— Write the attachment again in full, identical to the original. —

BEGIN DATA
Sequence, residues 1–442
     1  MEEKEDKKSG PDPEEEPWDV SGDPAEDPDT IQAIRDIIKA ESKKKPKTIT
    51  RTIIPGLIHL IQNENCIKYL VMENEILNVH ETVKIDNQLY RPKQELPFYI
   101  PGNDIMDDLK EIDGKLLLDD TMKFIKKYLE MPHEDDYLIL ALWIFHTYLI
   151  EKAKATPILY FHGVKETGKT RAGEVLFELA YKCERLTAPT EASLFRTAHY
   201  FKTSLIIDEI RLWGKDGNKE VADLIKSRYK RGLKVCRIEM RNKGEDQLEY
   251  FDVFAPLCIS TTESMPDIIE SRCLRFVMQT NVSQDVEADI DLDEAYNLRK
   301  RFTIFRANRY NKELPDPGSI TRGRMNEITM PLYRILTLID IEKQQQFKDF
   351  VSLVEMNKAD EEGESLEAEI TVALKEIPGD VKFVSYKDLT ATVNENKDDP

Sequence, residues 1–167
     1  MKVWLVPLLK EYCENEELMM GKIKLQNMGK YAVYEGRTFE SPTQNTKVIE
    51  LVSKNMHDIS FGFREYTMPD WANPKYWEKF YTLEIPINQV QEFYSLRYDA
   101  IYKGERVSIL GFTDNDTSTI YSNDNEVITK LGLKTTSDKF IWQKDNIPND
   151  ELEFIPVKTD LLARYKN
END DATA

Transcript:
Sequence, residues 1–442
     1  MEEKEDKKSG PDPEEEPWDV SGDPAEDPDT IQAIRDIIKA ESKKKPKTIT
    51  RTIIPGLIHL IQNENCIKYL VMENEILNVH ETVKIDNQLY RPKQELPFYI
   101  PGNDIMDDLK EIDGKLLLDD TMKFIKKYLE MPHEDDYLIL ALWIFHTYLI
   151  EKAKATPILY FHGVKETGKT RAGEVLFELA YKCERLTAPT EASLFRTAHY
   201  FKTSLIIDEI RLWGKDGNKE VADLIKSRYK RGLKVCRIEM RNKGEDQLEY
   251  FDVFAPLCIS TTESMPDIIE SRCLRFVMQT NVSQDVEADI DLDEAYNLRK
   301  RFTIFRANRY NKELPDPGSI TRGRMNEITM PLYRILTLID IEKQQQFKDF
   351  VSLVEMNKAD EEGESLEAEI TVALKEIPGD VKFVSYKDLT ATVNENKDDP

Sequence, residues 1–167
     1  MKVWLVPLLK EYCENEELMM GKIKLQNMGK YAVYEGRTFE SPTQNTKVIE
    51  LVSKNMHDIS FGFREYTMPD WANPKYWEKF YTLEIPINQV QEFYSLRYDA
   101  IYKGERVSIL GFTDNDTSTI YSNDNEVITK LGLKTTSDKF IWQKDNIPND
   151  ELEFIPVKTD LLARYKN